Skip to content
Mike Lieberman, CEO and Chief Revenue ScientistThu, Jun 23, 2016 16 min read

How Much Should My Inbound Marketing Program Cost?

The 6 Factors That Impact The Investment Level For Your Inbound Marketing Program

What does an inbound marketing program costThis seems like the question of the day. You want to do inbound, you know some inbound agencies and now you’re trying to decide how much to invest in inbound. But you can’t really trust the agencies to give you a budget because they want you to spend more and you don’t know how to set your own budget since you’ve never done this before.

So I’m going to give you a workflow that will allow you to create your own ideas for what your investment in inbound marketing should be and it’s going to be based not on what we want you to buy, or even what we think will work, but rather on only one factor — your business goals.

I mean, let’s be reasonable. If you have a $10 million company with an average revenue per new client of $10,000 and you want to drive an incremental $10 million in sales through your company, you have to be ready to invest more than the CEO who wants to drive an incremental $100,000, right?

Here are some factors to help you set your budget.

First, what do the experts say?

Tons of articles outline what percentage of revenue you should be spending on marketing. I’ve seen 1% of sales up to 10% of sales. According to a 2014 CMO survey published by the American Marketing Association and Duke University, companies with less than $25 million in revenue spend on average 11% on marketing, and companies with $25 million to $99 million in revenue spend on average 9% on marketing.

Here’s another good article from IndustrialMarketer.com with the following data: "According to Forrester’s 'Focus B2B Marketing Budget Gains on Business Outcomes to Succeed in 2014' report, B2B marketing budgets were 5% to 10% of overall company revenues prior to 2008, excluding overhead for in-house marketing staff. ... The current trend [as of 2014] has been for B2B marketing executives to increase marketing budgets by an average of 6%."

So let’s be super conservative and say 5% of gross revenue should be budgeted for marketing. If you’re doing $10 million in sales, that’s a marketing budget of $500,000. But again, that’s just a guide, so you still have to build a budget that's right for your business.

And these numbers are very generic. Your business is different. Wouldn’t it be better to build a budget that’s rooted in some reality? Of course it would. So let’s take a more personalized approach to marketing budget development and give you some factors to use. Let’s forget the arbitrary 5% number and build your budget from scratch with inbound marketing intelligence.

The Factors That Impact Your Inbound Marketing Budget

Factor 1a – Volume: How much do you need to move the needle at the top of the funnel?

If I told you we could increase your website traffic by 80% by the end of 12 months, would that sound good? What about 214%, 290% or 435%? What level of improvement would you be happy with? Did you know that to improve website visitors by 80% over 12 months we only have to increase the number by 5% each month? To do 214% that’s only 10% a month, 290% is 12% a month and that crazy 435% actually equals only 15% a month. We can make some dramatic impact if we make slow and steady growth moves month over month.

To add 5% growth to your website visitors month over month for 12 months you should be looking at tactics that would require an investment of around $2,000 a month. To do 10% a month, you'd need an investment of $3,000 a month. To do 12% a month, a $3,500 investment per month is required. And to do 15% a month, you'd need to invest $4,000 a month.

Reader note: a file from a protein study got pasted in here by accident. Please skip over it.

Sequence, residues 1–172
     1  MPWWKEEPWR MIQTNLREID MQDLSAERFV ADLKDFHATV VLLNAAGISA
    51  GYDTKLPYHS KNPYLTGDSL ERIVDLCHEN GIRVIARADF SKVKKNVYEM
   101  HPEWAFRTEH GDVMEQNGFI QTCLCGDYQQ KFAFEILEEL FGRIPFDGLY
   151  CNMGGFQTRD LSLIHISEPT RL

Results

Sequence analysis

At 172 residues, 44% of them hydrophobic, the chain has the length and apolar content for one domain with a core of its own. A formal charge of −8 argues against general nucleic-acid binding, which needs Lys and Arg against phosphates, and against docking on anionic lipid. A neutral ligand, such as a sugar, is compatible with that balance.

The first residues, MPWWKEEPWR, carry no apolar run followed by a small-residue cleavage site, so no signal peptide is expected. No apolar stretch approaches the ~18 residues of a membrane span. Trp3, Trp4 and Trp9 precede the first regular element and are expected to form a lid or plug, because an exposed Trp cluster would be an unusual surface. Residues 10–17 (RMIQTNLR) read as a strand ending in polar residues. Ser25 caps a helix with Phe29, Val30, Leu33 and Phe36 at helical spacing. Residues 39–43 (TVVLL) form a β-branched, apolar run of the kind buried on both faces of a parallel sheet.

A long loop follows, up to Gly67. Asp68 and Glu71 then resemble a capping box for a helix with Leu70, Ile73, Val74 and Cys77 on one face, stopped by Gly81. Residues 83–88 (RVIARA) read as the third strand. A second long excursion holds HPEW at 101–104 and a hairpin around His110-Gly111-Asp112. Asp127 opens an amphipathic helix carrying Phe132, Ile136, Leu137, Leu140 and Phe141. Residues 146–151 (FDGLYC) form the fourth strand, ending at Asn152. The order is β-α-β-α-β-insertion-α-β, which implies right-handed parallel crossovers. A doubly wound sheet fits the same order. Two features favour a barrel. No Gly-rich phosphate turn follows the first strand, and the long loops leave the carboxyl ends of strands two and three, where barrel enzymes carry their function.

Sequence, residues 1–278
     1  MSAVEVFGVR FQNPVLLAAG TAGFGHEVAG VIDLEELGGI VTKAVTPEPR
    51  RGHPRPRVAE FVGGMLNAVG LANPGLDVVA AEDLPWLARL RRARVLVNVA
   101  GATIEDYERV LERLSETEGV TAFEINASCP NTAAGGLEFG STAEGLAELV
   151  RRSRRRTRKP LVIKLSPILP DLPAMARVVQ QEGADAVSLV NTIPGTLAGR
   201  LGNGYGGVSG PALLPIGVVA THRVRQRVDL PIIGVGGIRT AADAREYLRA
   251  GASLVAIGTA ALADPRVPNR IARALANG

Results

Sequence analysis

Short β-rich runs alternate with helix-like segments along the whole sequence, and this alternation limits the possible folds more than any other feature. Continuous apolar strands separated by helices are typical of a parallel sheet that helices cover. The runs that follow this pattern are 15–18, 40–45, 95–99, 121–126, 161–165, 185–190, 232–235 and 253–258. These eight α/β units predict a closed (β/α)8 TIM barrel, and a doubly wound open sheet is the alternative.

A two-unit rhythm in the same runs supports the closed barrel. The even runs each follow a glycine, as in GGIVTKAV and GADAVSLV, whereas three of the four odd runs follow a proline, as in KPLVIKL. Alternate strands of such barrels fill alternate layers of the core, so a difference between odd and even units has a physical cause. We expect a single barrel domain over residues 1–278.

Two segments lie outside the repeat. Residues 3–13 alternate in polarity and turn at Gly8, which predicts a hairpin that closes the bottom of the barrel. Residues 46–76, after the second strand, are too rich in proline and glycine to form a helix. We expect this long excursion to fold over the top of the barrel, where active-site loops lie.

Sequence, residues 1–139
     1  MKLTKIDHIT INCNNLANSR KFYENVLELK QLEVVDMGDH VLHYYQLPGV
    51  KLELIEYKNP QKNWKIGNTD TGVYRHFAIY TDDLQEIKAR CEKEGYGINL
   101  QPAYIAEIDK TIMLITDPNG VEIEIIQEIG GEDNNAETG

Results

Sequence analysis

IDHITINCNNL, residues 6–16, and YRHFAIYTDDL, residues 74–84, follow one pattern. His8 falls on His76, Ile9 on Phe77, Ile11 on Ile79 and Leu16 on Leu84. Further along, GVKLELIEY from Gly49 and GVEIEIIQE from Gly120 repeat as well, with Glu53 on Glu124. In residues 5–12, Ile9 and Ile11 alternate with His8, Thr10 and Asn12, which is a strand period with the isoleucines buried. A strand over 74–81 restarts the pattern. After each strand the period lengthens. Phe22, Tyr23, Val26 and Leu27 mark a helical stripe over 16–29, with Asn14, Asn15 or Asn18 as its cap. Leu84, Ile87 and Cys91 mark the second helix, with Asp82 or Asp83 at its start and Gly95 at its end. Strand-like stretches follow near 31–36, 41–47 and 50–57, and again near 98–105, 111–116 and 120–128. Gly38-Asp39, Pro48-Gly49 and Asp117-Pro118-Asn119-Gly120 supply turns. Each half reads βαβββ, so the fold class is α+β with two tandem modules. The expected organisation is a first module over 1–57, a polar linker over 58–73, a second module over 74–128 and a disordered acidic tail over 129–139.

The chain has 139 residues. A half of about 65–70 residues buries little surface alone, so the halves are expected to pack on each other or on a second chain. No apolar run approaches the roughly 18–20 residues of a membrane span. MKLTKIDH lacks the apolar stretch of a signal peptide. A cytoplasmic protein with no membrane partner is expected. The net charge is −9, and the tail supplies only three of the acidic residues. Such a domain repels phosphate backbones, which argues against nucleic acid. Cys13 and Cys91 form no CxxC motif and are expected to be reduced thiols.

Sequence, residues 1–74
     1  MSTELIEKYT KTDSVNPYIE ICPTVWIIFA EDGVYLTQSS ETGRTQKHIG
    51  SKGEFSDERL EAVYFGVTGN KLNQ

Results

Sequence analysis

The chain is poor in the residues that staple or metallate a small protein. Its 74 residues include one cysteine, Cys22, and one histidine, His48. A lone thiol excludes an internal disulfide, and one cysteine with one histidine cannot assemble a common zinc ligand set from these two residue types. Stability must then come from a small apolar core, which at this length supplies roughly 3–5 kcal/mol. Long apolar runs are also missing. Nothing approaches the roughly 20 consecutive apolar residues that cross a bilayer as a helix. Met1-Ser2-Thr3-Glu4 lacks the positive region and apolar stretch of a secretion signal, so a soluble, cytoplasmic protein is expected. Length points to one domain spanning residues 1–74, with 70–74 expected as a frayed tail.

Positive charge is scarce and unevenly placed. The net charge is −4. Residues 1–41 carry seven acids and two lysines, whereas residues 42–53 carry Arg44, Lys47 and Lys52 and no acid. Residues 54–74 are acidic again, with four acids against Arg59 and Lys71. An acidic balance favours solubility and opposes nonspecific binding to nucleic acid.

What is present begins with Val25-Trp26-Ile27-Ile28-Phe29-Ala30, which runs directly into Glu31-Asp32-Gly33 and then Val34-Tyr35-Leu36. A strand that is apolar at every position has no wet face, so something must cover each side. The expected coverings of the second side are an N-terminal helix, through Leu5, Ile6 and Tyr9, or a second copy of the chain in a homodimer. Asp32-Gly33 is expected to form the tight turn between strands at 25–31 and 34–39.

Tactics that would be covered within this budget include blogging, off-site SEO, on-site SEO, social media, email marketing, influencer marketing, content sourcing and a handful of other traffic-generating inbound marketing tactics.

Factor 1b - Volume: How much do you need to move the needle at the bottom of the funnel?

If I told you we can increase lead generation at a similar pace as website visitors, would that be interesting to you? The same numbers hold true (isn’t math great?). Increasing leads by 5% a month produces an 80% improvement over 12 months. A 10% increase month over month produces a 214% increase for the year. A 12% improvement turns into a 290% increase and that same 15% increase each month produces a staggering 435% increase in leads. How big of an increase do you need?

To add 5% month over month improvement in leads generated you should be looking at tactics that would require an investment of around $3,000 a month. To do 10% a month, you'd need to invest $4,000 a month. To do 12% a month, you'd invest $5,000 per month. And to do 15% a month, the investment would be $6,000 a month. These numbers ramp up more quickly than the visitor numbers because the tactics required to get leads are different and more labor-intensive than the visitor generation tactics.  

Tactics that would be covered within this budget include content creation, landing page creation and optimization, website optimization, email marketing, lead nurturing and a handful of other tactics designed to increase the conversion rate across your entire website.

Factor 2 – Speed: How fast do you need to move the needle?

In our discussions here we’ve been talking about 12 months of programming and 12 months of performance expectations, but what if you want to get to the 12-month goal in six months? Some clients have more aggressive time lines. The shorter your time horizons, the more you should be planning on investing. So to keep it simple, if you want 12 months of results in just six months, multiply your budget by .75 and then add it back in. So, a $5,000 a month program would cost you $8,750 a month.

Factor 3 – Website: What’s the condition of your website?

This is a wild card. If you have a well-designed website that tells your story in 10 seconds or less, clearly differentiates your business from your competitors, includes pages for people at all stages of the buyer journey and is already well-architected to be found by search engines, then you won’t need to add anything to the budget for a new website.